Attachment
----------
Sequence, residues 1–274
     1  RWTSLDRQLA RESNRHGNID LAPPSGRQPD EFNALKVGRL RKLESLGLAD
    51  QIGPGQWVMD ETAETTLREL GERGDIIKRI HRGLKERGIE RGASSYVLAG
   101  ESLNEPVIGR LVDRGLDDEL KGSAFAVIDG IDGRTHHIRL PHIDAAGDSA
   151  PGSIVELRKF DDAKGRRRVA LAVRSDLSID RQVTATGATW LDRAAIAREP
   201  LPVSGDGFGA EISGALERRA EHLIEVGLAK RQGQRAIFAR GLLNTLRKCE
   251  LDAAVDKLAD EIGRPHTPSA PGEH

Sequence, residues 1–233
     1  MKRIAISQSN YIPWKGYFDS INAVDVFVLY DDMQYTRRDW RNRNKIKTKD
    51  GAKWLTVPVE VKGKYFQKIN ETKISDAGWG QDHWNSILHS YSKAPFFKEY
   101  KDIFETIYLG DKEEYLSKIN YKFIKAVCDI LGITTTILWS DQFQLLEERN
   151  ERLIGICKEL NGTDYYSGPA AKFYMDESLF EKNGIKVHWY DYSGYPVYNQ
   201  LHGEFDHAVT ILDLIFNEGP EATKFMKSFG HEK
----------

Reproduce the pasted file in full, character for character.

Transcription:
Sequence, residues 1–274
     1  RWTSLDRQLA RESNRHGNID LAPPSGRQPD EFNALKVGRL RKLESLGLAD
    51  QIGPGQWVMD ETAETTLREL GERGDIIKRI HRGLKERGIE RGASSYVLAG
   101  ESLNEPVIGR LVDRGLDDEL KGSAFAVIDG IDGRTHHIRL PHIDAAGDSA
   151  PGSIVELRKF DDAKGRRRVA LAVRSDLSID RQVTATGATW LDRAAIAREP
   201  LPVSGDGFGA EISGALERRA EHLIEVGLAK RQGQRAIFAR GLLNTLRKCE
   251  LDAAVDKLAD EIGRPHTPSA PGEH

Sequence, residues 1–233
     1  MKRIAISQSN YIPWKGYFDS INAVDVFVLY DDMQYTRRDW RNRNKIKTKD
    51  GAKWLTVPVE VKGKYFQKIN ETKISDAGWG QDHWNSILHS YSKAPFFKEY
   101  KDIFETIYLG DKEEYLSKIN YKFIKAVCDI LGITTTILWS DQFQLLEERN
   151  ERLIGICKEL NGTDYYSGPA AKFYMDESLF EKNGIKVHWY DYSGYPVYNQ
   201  LHGEFDHAVT ILDLIFNEGP EATKFMKSFG HEK